8 Replies Latest reply on Feb 21, 2018 6:24 PM by AndersGJ

# Depth resolution of the RealSense D400 at 0.2 metet

Hello,

What is the depth resolution of the D400 at a distance of 0.2 meter?

https://software.intel.com/en-us/realsense/d400

Thanks,  Yoni

• ###### 1. Re: Depth resolution of the RealSense D400 at 0.2 metet

The 400 Series cameras can depth-sense up to 1280x720 resolution.

• ###### 2. Re: Depth resolution of the RealSense D400 at 0.2 metet

Hi Marty,

How can I infer from these numbers ( 1280x720) the depth resolution sensed on a body, placed at a distance of 0.2 meter from the camera?

Thank you,  Yoni.

• ###### 3. Re: Depth resolution of the RealSense D400 at 0.2 metet

The depth resolution will depend on the resolution that you have set.  According to the chart below, the depth sensing will be limited to a maximum of 30 frames per second (FPS) when in the maximum 1280x720 resolution.  You can set the camera to use a particular resolution using programming scripting.

• ###### 4. Re: Depth resolution of the RealSense D400 at 0.2 metet

Also, do you have more specifications on the point cloud?

Thank you

• ###### 5. Re: Depth resolution of the RealSense D400 at 0.2 metet

The minimum depth scanning distance of the 400 series is 0.16 m for D415 and 0.11 m for D435.

The RealSense SDK 2.0 software used with the 400 Series cameras comes with a sample program called 'pointcloud',

librealsense/examples/pointcloud at master · IntelRealSense/librealsense · GitHub

I also found an additional sample program for the point cloud.

• ###### 6. Re: Depth resolution of the RealSense D400 at 0.2 metet

I think what he's asking, is what change in distance is the system able to distinguish?

In other words, say I have two cubes A and B, of the same size, next to each other, facing the camera, at the same distance (let's say 30cm).

If I start pushing cube B straight backwards away from the camera, how far do I have to move it for the system to register that cube B is farther away than cube A?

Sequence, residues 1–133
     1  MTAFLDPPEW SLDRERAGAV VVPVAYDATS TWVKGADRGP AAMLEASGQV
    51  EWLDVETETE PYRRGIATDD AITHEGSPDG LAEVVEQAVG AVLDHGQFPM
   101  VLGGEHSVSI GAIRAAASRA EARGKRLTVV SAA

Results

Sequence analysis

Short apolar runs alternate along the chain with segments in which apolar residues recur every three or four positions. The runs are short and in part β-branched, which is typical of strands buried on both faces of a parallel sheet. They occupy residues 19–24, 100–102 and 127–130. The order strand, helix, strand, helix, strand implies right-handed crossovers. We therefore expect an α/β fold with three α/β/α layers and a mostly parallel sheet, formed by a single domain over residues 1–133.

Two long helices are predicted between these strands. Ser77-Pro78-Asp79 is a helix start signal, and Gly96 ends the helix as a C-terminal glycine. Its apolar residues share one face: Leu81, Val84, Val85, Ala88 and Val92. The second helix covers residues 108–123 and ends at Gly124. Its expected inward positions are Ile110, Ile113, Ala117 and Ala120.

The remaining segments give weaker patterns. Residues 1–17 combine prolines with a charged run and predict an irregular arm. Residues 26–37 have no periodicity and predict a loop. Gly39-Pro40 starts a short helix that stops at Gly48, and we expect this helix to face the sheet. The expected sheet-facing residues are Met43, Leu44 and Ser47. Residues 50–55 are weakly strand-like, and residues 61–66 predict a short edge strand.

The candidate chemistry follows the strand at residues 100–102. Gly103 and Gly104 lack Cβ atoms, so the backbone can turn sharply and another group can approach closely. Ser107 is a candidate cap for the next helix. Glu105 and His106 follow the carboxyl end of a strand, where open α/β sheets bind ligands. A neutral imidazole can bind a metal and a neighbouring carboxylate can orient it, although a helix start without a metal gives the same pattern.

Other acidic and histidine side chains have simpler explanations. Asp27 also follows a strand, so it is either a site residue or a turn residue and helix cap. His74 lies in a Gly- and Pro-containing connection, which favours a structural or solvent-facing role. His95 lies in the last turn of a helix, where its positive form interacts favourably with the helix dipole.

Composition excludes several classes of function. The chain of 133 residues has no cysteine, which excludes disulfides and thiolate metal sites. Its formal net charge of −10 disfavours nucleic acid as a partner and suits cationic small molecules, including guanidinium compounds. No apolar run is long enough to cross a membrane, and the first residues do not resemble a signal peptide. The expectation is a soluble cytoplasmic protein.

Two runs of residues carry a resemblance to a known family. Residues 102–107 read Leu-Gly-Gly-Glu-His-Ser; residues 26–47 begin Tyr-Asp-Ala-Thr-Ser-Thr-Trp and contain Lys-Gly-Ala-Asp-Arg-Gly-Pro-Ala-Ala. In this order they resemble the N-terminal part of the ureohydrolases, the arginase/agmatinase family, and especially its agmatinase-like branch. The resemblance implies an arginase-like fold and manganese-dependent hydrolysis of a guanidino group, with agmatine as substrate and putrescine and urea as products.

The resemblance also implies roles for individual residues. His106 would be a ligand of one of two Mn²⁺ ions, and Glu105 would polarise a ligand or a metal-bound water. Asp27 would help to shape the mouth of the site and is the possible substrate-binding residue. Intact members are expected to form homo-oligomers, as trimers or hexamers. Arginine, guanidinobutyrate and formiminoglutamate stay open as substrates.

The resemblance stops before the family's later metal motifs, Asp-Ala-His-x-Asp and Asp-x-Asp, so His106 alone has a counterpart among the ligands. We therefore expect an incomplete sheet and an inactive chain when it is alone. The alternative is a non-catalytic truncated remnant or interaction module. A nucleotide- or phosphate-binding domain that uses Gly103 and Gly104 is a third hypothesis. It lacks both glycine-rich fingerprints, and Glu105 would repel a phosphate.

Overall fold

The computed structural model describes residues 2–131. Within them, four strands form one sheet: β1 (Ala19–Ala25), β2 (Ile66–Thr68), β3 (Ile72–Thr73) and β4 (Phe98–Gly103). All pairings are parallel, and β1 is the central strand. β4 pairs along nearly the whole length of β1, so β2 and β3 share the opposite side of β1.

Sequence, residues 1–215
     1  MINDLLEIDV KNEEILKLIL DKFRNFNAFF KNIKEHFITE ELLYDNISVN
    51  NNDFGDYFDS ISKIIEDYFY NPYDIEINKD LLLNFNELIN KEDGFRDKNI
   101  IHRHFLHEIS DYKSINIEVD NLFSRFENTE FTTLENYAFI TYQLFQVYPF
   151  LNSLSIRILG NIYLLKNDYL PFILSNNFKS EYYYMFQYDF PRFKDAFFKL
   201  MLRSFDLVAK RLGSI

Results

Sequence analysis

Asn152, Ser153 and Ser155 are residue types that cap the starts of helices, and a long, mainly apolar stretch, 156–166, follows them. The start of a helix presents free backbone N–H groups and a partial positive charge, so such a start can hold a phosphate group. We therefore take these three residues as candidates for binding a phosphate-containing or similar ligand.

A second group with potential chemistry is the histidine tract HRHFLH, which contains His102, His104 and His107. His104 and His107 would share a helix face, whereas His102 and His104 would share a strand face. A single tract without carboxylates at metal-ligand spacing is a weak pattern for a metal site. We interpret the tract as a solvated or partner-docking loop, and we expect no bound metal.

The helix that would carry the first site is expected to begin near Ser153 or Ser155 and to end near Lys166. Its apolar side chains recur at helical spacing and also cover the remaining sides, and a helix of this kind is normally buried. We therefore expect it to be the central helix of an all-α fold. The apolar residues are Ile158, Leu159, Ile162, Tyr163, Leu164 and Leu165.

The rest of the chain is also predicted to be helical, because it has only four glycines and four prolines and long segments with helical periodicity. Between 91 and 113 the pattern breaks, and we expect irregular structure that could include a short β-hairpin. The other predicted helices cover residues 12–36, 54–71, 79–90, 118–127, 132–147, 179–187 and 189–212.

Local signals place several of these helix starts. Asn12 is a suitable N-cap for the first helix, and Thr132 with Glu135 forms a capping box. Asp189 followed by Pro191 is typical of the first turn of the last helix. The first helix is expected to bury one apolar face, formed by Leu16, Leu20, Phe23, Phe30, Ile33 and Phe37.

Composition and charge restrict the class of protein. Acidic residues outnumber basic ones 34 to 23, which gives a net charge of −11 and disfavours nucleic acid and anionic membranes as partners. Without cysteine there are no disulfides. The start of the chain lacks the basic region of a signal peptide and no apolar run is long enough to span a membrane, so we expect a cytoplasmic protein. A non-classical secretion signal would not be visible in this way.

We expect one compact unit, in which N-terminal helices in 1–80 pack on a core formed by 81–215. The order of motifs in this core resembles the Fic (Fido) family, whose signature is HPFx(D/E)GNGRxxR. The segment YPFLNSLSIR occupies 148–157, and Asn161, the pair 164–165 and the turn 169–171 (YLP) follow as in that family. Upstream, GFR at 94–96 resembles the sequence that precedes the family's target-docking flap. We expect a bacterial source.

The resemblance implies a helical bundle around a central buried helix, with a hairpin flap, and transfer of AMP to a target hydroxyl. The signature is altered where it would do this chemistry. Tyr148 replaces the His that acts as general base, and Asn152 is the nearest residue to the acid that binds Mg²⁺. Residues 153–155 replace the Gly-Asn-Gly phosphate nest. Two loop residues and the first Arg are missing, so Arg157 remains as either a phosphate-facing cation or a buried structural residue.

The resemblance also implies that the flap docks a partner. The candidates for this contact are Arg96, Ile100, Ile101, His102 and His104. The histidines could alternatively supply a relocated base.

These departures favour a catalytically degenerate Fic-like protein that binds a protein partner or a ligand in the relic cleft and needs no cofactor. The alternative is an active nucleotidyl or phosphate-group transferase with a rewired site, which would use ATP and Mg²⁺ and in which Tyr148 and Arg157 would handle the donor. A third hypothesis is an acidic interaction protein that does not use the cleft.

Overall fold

1mm? 10mm? 25mm?

Another way of looking at it is, what is the smallest change in Z that can be distinguished? Can it pick up wrinkles on a forehead? Or is the entire face including the tip of the nose considered to be the same distance?

I'm sure the answer is probably "it depends", so let's assume the configuration of camera, software, subject, subject distance from camera, etc, are all optimal for best possible performance on these matters.

The existence of 3D scanning software for RealSense devices suggests that it's capable of pretty good resolution to pick up details, but perhaps texture mapping is doing a lot of heavy lifting at making up for deficiencies.

• ###### 7. Re: Depth resolution of the RealSense D400 at 0.2 metet
This message was posted on behalf of Intel Corporation

Hello Jon_Hendry,

The Intel® RealSense™ D400 Series Datasheet contains the tables on page number 66 that describe the depth quality measurements for the cameras and the minimum-z depth.

For more details, see the Intel® RealSense™Depth Quality Testing White Paper.

I hope you find this information useful.

Best regards,

Josh B.
Intel Customer Support

• ###### 8. Re: Depth resolution of the RealSense D400 at 0.2 metet

There are two models. The D415 and D435. Here are answers for both:

D415: Minimum distance is 44cm when operating at 1280x720. It is 22cm at 640x480, and 11cm at 320x240.

Assuming you put the camera into 640x480, at 22cm you will get an RMS depth error (plane fit ripple) of a few hundred microns.

However to see this please do the following - 1. Under advanced mode change the depth units from 1000 to 100. Now each step in depth should be interpreted at 0.1m and not 1mm. 2. Make sure the wall you are measuring is very flat and had nice texture.

D435: Minimum distance is 17cm at 848x480. At 20cm the RMS error around 200um, with above mentioned tweaks.

Also, please note the depth resolution does improve as distance is decreased, but up to a limit. Other artifacts starts appearing. Namely, the lenses are currently focused at 50cm to infinity. As you move closer the images will blur which will degrade depth from the theoretically achievable. Also, non-flat objects will have occlusion problems when you get this close. Basically consider a finger moved close to your eyes. At some point your left eye sees the right side of the finger and the right eye sees the left side of the finger. At this point we cannot match left and right images and cannot calculate depth.

I hope this helps.